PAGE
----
Tips for buying Australian Coins & Banknotes on eBay

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There are some basic rules which can really help ensure you do not pay too much or get ripped off when buying Australian Coin & Banknotes on eBay.

1. Avoid buying off anyone who does not provide quality photos that clearly show the item to help you make an educated guess on the grading. There have been many occasions with bank notes especially where the grade has been stated as UNC but upon arrival has been more like an EF or in some cases even lower. With many sellers falling back on "grade is my opinion only" which is certainly fair enough everyone grades things a bit differently but returns should allows be allowed under circumstances like these which brings me to my next rule.

2. Always try to buy from sellers who allow returns, at least this way instead of holding back on bidding out of fear of an item being nothing like described you can happily bid with confidence knowing you can get a refund if needed. In saying that you do need to make sure if you are returning anything especially bank notes which can be easily damaged you package them very safely obviously if you send back a lot of notes that get screwed up because you send them in a normal enevelope with no protection you won't be getting any money back. You always want to have a good look through someones feedback and actually read the comments, it can really reveal a lot about what they are like as a seller and a person to deal with. On occasion I have gone to buy something and seen they offer refunds if you aren't happy and thought you beauty but after having a quick look at their feedback saw comments such as "took 2 months to refund money" or "hard to contact, doesn't reply to email". Even if someone offers refunds doesn't they will make it easy so it is always worth having a look through the feedback.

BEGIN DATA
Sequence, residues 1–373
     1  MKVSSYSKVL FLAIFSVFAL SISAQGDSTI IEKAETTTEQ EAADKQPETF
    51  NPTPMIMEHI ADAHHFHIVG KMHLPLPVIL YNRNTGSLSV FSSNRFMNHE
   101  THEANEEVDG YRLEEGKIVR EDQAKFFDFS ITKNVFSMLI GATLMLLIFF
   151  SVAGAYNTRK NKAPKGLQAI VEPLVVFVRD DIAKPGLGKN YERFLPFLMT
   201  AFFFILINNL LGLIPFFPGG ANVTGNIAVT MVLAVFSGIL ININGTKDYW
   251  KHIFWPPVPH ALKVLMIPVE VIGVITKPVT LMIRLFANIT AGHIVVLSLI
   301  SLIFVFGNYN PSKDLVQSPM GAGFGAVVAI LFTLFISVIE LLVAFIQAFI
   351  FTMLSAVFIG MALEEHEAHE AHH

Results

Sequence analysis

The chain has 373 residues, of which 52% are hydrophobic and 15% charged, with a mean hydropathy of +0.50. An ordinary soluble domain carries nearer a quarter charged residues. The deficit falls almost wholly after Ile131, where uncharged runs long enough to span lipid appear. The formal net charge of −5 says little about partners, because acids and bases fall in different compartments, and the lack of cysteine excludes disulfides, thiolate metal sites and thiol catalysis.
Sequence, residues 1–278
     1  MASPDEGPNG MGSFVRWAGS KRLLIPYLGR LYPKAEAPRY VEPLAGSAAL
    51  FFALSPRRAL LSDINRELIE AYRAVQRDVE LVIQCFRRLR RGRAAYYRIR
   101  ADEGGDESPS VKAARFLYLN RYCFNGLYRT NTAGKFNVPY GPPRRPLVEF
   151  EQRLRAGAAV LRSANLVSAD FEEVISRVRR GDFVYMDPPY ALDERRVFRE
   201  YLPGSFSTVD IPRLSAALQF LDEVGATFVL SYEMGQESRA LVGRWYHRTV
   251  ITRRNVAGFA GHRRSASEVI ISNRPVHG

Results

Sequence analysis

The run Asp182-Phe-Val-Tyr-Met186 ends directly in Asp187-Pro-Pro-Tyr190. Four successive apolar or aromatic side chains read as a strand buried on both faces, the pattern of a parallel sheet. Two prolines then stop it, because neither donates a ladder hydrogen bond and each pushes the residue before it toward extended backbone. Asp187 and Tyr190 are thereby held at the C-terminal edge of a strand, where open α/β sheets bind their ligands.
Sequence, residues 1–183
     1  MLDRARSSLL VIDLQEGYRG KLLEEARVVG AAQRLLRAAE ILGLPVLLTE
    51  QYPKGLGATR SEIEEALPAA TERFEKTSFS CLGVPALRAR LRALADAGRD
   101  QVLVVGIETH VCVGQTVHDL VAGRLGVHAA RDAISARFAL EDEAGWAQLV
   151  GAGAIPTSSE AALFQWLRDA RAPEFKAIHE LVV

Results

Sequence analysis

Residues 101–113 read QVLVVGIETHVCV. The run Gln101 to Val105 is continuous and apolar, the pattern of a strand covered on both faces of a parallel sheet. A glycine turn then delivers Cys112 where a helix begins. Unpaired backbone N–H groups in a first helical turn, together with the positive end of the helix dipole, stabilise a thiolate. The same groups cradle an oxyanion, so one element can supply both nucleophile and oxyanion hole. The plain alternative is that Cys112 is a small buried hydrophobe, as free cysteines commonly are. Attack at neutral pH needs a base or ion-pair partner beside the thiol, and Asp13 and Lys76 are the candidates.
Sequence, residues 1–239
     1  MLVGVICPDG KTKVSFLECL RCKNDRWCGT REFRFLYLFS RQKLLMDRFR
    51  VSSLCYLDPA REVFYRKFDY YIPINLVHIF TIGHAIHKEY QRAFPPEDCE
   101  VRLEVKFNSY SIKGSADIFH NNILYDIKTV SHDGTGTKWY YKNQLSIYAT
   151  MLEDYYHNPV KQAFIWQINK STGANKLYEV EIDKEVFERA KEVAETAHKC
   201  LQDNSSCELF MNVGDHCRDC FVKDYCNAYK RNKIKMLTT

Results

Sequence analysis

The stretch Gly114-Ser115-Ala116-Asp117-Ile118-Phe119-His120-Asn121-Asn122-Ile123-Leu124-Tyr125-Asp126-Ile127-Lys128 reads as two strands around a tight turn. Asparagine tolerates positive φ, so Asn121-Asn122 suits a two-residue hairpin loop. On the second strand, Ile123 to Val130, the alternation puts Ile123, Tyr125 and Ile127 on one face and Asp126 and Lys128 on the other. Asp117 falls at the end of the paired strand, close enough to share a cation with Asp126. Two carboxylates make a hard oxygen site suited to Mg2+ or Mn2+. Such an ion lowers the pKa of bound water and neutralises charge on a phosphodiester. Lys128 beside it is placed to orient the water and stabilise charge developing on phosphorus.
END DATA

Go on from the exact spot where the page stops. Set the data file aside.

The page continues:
3. I find bank notes particularly difficult to buy online as you really need to trust the seller because photos really can't tell enough. For example you can not tell if a note has been flattened or treated from a photo, not to mention that a note can bear quite a number of small crease or lines that don't show even in a great photo. So picking someone who is really descriptive of there items for example mentioning any faults or giving a more accurate description than just a grade is always a good idea and again looking at someones feedback can reveal a lot and the more expensive the item you are looking at buying the more time you should putting into checking them out.

4. Catalogue values are a really useful guide but do not take them as gospel, for instance an Uncirculated catalogue value is meant to reflect the value of a coin or bank note that strictly meets the standards of being uncirculated. But there are many items that grade uncirculated but may have detracting marks giving it a lower value for example an Uncirulated coin with only 10% lustre is not as valuable as one with 50% lustre or for bank notes a note with a light smudge mark is not as valuable as one without even though they both grade uncirculated. This again really comes down to sellers being descripitive with examples of have given can look identical in pictures and so you have to rely on a seller to give you all the information you need to make an informed decision. Also affecting value is if a coin or note has been artificially altered in any way which can involve anything from cleaning, chemically treating, trimming, stretching, flattening and I am sure there are plenty of other things they are doing now days. In almost all cases items which have been altered are not as vaulable those that have't and in many cases it is impossible to tell without physically having it in your hands.

There are plenty of good sellers on eBay it is just a matter of sifting through the 'Dodgy' ones.

If you have any questions please don't hesitate to contact me.

Best of luck,

Michael.

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